29 Distinctions of Writers Boot Camp

  1. Our alumni work at the highest levels of the industry.

  2. Writers Boot Camp employs full-time staff to support you during your coursework, and afterwards as an alumnus and working writer.

  3. Though your commitment does not require quitting your day job or investing in school full-time, you need ten hours for writing outside of class, and we recommend that for at least 40 weeks out of the 52-week calendar year to scale the true learning curve and sustain a professional pace.

  4. Professional Membership in LA and NY includes 48 sessions over 24 months, four script evaluations and conferences, monthly events and web-accessible streaming, weekly instructor office hours and online support.

  5. You have the option of writing three feature scripts or five television series spec scripts, or a variety of either.

  6. The script deadlines, after the first ten weeks, and then every six months, hold you accountable to your goals.

  7. A 60-day hiatus, if necessary and with advance approval, is built into your coursework for creative breaks (and unforeseen breakups and breakdowns) that may occur.

  8. Your script is eligible for cast readings during your initial coursework.

  9. You have access to our web site writer dashboard for ease of communication, including submission templates for interaction with your fellow writers and alumni in the national Writers Boot Camp community.

  10. Instead of rules or formula, Writers Boot Camp gives you tools to coherently develop your material and organize your own vision without anyone imposing on your story.

  11. There’s no bias toward certain material but rather toward conceptual inventiveness and the full development of the potential of your ideas.

  12. The Checkpoints, learned through the first ten weeks of coursework, take you through the many orbits required to fully test and develop a professional-level script.

  13. After this first stage, your Project Group sessions reiterate the set of Checkpoints three more times to provide accountability and to make the tools a natural part of your writing process.

  14. The Checkpoints reinforce an empowered rewriting process that both divides the rewriting process into more manageable stages and tasks and focuses you on refining your concept.

  15. Upon entering the Project Group phase, the Checkpoints become flexible tools to apply at various stages of writing and rewriting.

  16. The specific Checkpoints, like the renowned one-page story map called the 3-6-3, actually build your script and are layered versions of your developing project, not just exercises done in a vacuum.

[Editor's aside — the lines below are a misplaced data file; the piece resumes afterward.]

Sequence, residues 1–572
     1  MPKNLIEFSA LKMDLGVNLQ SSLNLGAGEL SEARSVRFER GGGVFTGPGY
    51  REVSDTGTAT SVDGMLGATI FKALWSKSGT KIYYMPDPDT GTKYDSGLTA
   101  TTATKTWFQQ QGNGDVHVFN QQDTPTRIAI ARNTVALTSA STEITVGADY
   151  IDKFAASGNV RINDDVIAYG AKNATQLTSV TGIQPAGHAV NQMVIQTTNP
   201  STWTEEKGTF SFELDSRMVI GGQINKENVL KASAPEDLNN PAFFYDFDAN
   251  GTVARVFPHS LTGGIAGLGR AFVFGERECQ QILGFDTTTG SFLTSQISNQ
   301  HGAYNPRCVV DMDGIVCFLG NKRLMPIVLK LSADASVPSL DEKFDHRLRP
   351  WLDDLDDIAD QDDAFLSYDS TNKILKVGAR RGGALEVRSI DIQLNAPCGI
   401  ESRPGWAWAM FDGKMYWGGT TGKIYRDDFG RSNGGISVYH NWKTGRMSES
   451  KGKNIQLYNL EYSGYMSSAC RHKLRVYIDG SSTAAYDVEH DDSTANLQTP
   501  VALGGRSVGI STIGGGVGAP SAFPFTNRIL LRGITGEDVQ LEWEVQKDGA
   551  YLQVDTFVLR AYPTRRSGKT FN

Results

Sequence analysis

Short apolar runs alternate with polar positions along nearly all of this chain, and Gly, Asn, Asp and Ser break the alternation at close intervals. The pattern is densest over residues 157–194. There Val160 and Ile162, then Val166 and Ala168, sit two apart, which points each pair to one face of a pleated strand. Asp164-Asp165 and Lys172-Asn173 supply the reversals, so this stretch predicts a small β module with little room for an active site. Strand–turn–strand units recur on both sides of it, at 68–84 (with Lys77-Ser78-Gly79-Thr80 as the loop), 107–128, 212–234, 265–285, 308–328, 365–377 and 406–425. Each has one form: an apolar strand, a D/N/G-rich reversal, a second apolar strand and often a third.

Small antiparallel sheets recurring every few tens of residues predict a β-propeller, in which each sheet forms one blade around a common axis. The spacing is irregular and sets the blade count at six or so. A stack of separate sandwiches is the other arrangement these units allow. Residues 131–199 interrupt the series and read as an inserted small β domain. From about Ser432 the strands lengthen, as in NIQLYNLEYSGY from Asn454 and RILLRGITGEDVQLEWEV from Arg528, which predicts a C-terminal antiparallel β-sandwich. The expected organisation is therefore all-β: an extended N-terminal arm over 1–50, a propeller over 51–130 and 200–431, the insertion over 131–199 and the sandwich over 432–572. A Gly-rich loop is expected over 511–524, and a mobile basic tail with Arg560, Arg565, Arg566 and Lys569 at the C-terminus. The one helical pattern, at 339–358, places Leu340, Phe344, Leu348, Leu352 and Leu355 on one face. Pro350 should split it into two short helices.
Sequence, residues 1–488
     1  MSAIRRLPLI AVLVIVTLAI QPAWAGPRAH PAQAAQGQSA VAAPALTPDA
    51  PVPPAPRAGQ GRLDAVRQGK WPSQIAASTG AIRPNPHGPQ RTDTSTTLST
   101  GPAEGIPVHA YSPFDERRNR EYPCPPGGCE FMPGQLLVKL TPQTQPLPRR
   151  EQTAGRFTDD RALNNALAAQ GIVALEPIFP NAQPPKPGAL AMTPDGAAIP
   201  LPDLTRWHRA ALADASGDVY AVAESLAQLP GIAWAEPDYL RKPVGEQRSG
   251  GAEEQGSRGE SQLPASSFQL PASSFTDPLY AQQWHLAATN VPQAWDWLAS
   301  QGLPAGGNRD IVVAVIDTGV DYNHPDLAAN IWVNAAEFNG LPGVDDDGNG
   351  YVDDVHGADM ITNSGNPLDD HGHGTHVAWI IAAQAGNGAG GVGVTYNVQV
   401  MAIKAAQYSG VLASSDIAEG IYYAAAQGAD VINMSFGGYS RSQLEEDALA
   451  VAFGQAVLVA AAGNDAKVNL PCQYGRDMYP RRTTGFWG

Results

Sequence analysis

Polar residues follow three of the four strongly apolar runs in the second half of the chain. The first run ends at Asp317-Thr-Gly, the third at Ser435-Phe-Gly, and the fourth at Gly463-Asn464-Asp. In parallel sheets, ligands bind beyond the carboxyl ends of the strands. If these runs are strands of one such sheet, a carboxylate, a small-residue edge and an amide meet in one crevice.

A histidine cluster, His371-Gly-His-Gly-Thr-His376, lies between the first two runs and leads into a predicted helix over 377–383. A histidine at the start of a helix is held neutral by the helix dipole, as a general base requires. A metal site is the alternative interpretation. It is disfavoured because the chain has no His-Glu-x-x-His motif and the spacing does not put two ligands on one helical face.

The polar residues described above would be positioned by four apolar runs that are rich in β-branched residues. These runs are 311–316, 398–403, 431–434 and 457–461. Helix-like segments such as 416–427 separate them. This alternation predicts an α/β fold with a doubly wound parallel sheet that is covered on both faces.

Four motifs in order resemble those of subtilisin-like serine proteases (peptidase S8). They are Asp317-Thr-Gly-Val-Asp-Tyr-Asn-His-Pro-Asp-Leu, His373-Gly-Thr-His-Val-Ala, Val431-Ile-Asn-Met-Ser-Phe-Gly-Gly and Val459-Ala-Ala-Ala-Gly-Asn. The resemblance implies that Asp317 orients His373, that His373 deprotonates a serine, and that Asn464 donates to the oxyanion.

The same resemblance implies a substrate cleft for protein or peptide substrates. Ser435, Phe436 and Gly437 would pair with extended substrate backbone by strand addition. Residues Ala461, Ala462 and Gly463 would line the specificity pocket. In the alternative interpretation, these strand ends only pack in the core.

17. All story instruction at Writers Boot Camp is inherently character-driven until you make a conscious and entertaining choice otherwise.

  18. You learn Main-Character Driven, Four-Segment Story Structure as it applies to all script forms, including feature film, television, non-fiction narrative and digital production, and you learn to cross over and make distinctions fluidly from one form to the other.

  19. Our creative relationship with you is treated individually, as is your progress, so we don’t expect everyone to be at the same place at the same time.

  20. By simply reaching out if you choose to, you will find countless chances to get direct feedback from your instructor, members of the staff and from your fellow writers.

  21. The common language of Checkpoints makes your interaction in class with your peers highly productive, without the burden of required participation outside of class.

  22. Script evaluation is taught from a top-down approach so that scene work and page notes are given only at the appropriate rewriting stage and after conceptual, structural and character development issues are addressed.

  23. Since each of your scripts is written at its own pace, the continuing Project Group environment is not as much a group of equals as an opportunity to learn more quickly by analogy from the group.

  24. The teaching method and environment make you a better authority of your own work by reinforcing the nature of the tools and the nuances of the writing process.

  25. Instead of giving in to your desire for approval, the class environment focuses you on giving your peers feedback and applying the insight you gain toward making your own script more compelling.

  26. Industry speaker events are intended to put you in touch with how the business truly works and to turn you back inward to the one thing you can control as a writer, the work you do.

  27. Recapping of in-class discussion of your material, conference notes and industry meetings is required for the creation of a log of your progress and to instill habits that may protect you professionally.